In The Lumineers’ second most recent album, Cleopatra (2016), the first song listed is one of my favorites: “Sleep On The Floor“. Most consider this the Lumineers’ the best album, and it is also the most popular through the years, according to Spotify. The Lumineers is a folk-rock band, popular among indie music listeners and pop music listeners alike. This song is also part of a short film, “The Ballad of Cleopatra”, which includes multiple music videos from the album and tells the story of a man and his lover moving in search of adventure and a new life.
The song begins with the now-famous lyrics,
Pack yourself a toothbrush dear
Pack yourself a favorite blouse
These lines introduce both the song and the album perfectly. While the album, in general, focuses on adventure in a more metaphorical sense, like the adventures of love, heartbreak, and travel, “Sleep On The Floor” is a literal representation of a young couple who decides to escape their small town and chase their dreams before it is too late. The toothbrush mentioned is a symbol of uncertainty and travel, as toothbrushes are quintessential parts of packing. The narrator of the song admits there will be hardship, that there will be the problem of money and the strings left behind from their old lives, but he uses these in his argument to his girlfriend/lover that it is even more of an experience. This song also draws on the theme many youth encounter of wanderlust, but more so the feeling that there is life outside of their town, and that they have to go find it immediately or they will end up like their parents.
The song’s narrator builds depth by including religious allegories twice within the song.
Forget what Father Brennan said
We were not born in sin
Jesus Christ can’t save me tonight
The singer/poet grapples with religious themes that he either grew up hearing about or were forced on him from childhood. The words “not born in sin” refers to the original sin committed by Adam and Eve, and “Jesus Christ can’t save me” continues this allusion. Both lines, rather than embracing religion, depict the narrator as rejecting religion in his hope to reject his whole life. Religion perhaps ties him to the town he wants to escape, and in his mind casting away the constraints of Christianity is a necessary element of his journey to freedom.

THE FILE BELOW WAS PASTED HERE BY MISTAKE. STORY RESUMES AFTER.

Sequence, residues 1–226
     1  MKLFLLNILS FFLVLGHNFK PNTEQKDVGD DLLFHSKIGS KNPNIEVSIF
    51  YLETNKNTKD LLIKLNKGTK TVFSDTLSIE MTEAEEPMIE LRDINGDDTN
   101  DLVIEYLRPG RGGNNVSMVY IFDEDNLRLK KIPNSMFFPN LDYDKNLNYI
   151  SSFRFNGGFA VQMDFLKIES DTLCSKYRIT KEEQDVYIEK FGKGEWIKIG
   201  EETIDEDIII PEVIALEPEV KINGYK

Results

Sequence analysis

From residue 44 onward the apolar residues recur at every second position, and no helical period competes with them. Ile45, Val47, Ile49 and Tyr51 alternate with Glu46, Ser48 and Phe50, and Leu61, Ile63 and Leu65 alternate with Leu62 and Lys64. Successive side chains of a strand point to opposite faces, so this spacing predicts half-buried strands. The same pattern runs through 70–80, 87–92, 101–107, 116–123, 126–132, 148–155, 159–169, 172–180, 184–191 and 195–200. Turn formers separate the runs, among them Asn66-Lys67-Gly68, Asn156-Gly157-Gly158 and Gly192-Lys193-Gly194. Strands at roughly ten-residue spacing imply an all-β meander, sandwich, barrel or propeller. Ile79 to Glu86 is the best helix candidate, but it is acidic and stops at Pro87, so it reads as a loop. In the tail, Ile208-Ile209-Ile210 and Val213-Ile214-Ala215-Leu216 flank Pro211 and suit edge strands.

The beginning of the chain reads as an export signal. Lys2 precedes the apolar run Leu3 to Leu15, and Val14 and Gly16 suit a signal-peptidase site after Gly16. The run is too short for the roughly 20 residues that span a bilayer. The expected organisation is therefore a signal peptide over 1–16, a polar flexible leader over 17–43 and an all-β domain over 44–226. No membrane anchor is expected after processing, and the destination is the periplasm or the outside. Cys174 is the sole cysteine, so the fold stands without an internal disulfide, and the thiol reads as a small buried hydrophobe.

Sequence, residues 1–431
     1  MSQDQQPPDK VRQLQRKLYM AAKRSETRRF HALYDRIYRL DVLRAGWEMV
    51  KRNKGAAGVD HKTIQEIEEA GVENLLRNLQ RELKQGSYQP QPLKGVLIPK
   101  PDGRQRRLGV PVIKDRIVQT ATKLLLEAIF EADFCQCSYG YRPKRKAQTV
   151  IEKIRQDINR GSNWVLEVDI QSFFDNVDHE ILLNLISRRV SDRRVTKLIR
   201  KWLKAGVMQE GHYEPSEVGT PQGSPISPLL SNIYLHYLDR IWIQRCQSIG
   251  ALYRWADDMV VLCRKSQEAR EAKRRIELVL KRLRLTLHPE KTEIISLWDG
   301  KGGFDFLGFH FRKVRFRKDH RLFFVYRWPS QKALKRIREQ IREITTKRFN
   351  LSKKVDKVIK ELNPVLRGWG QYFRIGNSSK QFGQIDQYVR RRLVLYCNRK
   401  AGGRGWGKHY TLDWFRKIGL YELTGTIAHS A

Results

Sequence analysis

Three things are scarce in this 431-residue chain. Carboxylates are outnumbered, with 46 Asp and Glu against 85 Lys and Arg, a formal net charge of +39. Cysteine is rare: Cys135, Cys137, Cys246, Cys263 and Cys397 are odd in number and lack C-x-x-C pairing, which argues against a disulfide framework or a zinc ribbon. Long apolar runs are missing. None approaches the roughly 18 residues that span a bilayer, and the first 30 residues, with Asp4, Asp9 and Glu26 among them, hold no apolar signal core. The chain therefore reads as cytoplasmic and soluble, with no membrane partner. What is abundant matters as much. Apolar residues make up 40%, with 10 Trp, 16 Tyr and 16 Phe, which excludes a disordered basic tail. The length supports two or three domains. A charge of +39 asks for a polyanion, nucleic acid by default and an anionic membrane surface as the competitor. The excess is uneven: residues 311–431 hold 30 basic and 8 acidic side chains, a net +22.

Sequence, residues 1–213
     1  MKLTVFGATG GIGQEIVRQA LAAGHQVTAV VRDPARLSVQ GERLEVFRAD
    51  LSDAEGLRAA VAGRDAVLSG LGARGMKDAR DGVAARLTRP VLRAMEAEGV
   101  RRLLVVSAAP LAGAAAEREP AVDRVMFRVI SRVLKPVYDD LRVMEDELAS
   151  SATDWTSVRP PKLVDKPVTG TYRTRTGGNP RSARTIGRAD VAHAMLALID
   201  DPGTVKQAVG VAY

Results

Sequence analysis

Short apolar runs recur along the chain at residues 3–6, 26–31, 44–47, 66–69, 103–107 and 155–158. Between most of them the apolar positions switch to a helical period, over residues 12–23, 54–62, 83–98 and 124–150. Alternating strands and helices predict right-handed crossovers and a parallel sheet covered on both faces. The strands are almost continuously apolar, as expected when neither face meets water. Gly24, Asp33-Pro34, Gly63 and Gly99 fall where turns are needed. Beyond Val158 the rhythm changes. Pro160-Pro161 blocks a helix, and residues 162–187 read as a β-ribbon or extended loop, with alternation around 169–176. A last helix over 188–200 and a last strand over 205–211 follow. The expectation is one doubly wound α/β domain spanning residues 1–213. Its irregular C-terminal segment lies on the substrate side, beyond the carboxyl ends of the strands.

This song also includes many metaphors, the most interesting of which is inspired by big cities:
If the sun don’t shine on me today
And if the subways flood and bridges break
The narrator uses city disasters to explain the crushing hopelessness of his feeling living in his town, and he would rather face uncertainty in a world beyond his comfort zone. This song was also inspired, according to the Lumineers, by young people moving to cities in search of their dreams or the American Dream. The use of subways flooding and bridges breaking within the lyrics implies the possibility that the city will not support them, that their dreams will be broken. Despite this, he urges his lover to take that chance with him. Additionally, the lyrics state,
And when we looked outside, couldn’t even see the sky
This is a figure of speech or more accurately a reference to one. This is a changed version of the saying, “the sky’s the limit”. Since the sky was not even visible, the singer means that there are limitless possibilities for their new life. It creates a contradiction with this popular line, since he argues even the sky will not limit them, and they would be completely free.
This song is the perfect beginning to the album and story of Cleopatra, beginning with a strong opening note and a nostalgic tone, recreating for older listeners a long-forgotten feeling of youthful uncertainty, and for younger listeners a voiced explanation of their desires for escape.